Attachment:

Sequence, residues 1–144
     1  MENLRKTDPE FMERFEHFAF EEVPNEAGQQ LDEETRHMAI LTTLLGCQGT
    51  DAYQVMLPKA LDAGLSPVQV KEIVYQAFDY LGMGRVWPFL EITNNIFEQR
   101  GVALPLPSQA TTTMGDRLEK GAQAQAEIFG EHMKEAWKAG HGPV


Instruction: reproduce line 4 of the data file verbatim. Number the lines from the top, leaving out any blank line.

   101  GVALPLPSQA TTTMGDRLEK GAQAQAEIFG EHMKEAWKAG HGPV